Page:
Soane Tonga'uiha: 'It is almost like moving back home'

Soane Tonga'uhia in action for Tonga against Argentina in the 2015 World Cup
©TRU

Ampthill and District's new recruit Soane Tonga'uiha chats exclusively to TRU about his move back to Bedfordshire and his career in the game.

He has become one of the most high-profile players in the National Leagues and now he is returning back “home” to join an ambitious club in the third tier of English rugby as a player/coach.

But despite his undisputable experience, Soane Tonga'uiha admits a move to National One side Ampthill and District has come at the right time in his career.

“I think it was an easy decision,” he says. “I’m 36 now so coming to Ampthill helped with what I wanted to do after rugby. It allows me to start thinking about life after rugby and it gives me time to do that.”

With respect to both Ampthill’s Dillingham Park and National Division One, it will be a contrast to the Premiership, European and World Cup stages which Tonga'uiha has experienced in the past, but the former Northampton Saints and Tonga forward is relishing being back in the county where his journey in the English game began.

“It is quite good actually,” says Tonga'uiha who started his career in England with Bedford Blues in 2004. “We spent a long time in England in both Bedford and then Northampton. My wife is from Bedford so for us moving back, it is almost like moving back home.”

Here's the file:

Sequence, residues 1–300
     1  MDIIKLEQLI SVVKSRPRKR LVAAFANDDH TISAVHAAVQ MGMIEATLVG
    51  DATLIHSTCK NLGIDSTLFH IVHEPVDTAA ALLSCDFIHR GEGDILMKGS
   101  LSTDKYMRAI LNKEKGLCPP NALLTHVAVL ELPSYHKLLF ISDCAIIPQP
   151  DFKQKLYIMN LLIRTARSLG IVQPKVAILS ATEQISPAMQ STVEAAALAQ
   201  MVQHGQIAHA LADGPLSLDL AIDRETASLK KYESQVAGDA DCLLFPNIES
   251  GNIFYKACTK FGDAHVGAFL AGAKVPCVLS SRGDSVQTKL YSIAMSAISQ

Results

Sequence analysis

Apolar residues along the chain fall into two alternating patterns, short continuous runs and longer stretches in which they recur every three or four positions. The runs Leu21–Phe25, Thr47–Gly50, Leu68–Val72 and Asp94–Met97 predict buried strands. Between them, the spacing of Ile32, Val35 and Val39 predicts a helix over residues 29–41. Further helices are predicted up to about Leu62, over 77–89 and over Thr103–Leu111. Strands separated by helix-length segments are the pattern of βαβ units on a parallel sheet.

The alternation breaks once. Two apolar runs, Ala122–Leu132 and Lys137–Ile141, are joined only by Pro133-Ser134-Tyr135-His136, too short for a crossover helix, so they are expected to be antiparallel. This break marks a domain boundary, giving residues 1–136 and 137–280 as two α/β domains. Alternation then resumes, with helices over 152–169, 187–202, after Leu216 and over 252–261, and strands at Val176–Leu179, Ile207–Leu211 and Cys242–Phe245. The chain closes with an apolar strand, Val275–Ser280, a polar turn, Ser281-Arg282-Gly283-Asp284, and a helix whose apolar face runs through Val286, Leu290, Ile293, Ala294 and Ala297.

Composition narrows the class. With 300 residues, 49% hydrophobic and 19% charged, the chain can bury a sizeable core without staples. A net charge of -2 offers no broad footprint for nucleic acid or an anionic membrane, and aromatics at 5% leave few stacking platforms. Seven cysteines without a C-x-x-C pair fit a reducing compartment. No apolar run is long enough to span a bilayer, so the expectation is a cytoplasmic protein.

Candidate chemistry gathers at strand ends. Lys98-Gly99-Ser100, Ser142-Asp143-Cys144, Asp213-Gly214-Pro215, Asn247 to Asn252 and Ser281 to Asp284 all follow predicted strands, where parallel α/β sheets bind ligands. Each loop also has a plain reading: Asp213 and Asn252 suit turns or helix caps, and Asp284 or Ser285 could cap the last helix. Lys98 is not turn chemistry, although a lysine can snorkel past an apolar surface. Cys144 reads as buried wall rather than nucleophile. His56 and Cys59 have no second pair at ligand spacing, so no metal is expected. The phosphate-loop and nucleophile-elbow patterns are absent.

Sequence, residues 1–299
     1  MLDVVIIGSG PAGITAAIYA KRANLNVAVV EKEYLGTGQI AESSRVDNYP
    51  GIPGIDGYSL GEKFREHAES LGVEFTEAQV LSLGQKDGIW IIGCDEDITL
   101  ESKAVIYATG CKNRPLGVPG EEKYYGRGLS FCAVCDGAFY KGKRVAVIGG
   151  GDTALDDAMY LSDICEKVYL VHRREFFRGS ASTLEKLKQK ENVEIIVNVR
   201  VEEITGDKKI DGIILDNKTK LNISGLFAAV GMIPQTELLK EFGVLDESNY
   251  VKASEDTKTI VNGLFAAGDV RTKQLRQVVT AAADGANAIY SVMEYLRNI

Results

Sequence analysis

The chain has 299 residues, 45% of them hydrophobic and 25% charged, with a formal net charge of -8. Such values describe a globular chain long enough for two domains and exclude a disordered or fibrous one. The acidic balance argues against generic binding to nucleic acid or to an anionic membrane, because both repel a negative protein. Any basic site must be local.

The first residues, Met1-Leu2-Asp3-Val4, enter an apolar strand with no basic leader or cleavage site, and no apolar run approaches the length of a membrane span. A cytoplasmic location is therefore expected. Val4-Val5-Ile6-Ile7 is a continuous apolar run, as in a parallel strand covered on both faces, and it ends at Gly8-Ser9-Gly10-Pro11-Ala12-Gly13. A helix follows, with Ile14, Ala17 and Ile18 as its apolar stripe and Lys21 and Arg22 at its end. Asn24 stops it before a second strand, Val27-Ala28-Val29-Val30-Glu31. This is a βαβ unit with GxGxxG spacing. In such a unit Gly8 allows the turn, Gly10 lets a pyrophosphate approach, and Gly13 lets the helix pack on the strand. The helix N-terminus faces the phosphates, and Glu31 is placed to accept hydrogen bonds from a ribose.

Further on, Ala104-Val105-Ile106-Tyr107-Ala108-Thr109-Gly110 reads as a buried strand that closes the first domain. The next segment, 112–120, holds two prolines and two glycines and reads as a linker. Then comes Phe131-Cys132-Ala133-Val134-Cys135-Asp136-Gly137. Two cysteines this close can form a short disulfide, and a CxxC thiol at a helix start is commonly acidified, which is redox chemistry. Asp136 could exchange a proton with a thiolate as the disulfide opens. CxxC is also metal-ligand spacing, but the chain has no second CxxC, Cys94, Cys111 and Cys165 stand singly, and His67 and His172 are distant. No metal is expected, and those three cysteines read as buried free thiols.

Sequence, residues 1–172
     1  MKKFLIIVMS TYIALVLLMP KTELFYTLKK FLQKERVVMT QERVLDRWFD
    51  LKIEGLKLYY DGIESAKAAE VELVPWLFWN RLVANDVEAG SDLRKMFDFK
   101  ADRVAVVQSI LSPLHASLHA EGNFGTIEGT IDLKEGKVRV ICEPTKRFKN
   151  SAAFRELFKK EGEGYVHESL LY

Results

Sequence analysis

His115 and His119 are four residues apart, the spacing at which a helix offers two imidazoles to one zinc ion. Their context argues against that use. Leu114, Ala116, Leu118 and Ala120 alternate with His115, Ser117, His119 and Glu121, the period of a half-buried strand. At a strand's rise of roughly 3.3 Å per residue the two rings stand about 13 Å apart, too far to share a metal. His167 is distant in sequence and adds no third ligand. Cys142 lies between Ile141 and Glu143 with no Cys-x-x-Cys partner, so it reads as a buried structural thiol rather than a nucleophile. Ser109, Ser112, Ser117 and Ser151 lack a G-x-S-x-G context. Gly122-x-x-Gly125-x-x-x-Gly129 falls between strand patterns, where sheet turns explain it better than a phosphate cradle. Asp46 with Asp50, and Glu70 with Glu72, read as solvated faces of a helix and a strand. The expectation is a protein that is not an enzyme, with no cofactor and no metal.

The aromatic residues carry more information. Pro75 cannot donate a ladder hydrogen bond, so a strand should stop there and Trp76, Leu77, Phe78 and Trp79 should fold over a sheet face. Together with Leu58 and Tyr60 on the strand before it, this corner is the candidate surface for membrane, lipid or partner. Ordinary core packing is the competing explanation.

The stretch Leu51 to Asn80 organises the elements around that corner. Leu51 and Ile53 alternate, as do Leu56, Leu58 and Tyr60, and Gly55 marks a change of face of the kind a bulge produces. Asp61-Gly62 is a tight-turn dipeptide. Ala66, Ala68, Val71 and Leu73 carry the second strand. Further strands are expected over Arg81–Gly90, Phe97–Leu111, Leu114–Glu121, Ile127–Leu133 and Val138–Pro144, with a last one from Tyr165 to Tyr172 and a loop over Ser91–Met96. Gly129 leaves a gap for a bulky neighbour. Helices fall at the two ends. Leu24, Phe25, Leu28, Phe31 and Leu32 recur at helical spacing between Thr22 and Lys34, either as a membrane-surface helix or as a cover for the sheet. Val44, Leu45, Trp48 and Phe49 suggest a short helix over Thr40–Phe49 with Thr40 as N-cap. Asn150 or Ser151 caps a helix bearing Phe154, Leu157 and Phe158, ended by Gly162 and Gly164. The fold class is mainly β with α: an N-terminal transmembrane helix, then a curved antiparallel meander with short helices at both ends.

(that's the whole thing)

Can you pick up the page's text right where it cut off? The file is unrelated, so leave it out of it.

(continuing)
Bedford and Northampton are two places which have always been close to Tonga'uiha’s heart and his rugby academy just highlights the impact the latter location has had on his career. “The Tonga'uiha Rugby Academy is based in Northampton,” he adds. “It is for kids to improve their core skills of rugby and also, it is to get new kids to try rugby. It is for kids to see that it is fun and enjoyable to play a team sport like rugby.”

Tonga'uiha will be taking his coaching up a notch with Ampthill this season, but that shouldn’t be difficult with the wealth of experience he has. His family moved from Tonga to Auckland when he was eight and after growing up in New Zealand and playing through the age grades, Tonga’uhia made the decision to depart for England.

“It was a massive step,” he says. “It was one I needed to wake up really. I got comfortable in New Zealand, but when you leave those age grades, everyone is a lot bigger than you and they are faster! I fell back and didn’t make a contract with the Super Rugby teams. Bedford came up and I joined them. I came over and enjoyed myself.”

He certainly made an impact at Bedford and after two years at Goldington Road, Northampton Saints came calling. The loose-head prop moved to Franklin's Gardens in 2006, but for him and the club, his debut season wasn’t plain sailing. Tonga'uiha struggled to gain regular first-team action whilst the Saints fell from the heights of a European semi-final to relegation to National One [now the GK IPA Championship].

Saints restructured which meant Jim Malinder and Dorian West took up leading coaching roles and as the club began their journey back to the top – which they achieved in 2008 - Tonga’uiha sparked his Northampton career into life. He went on to make over 200 appearances for the club and also won the European Challenge Cup and Anglo-Welsh Cup as well as reaching both the then Heineken Cup Final in 2011 and the Premiership Final two years later.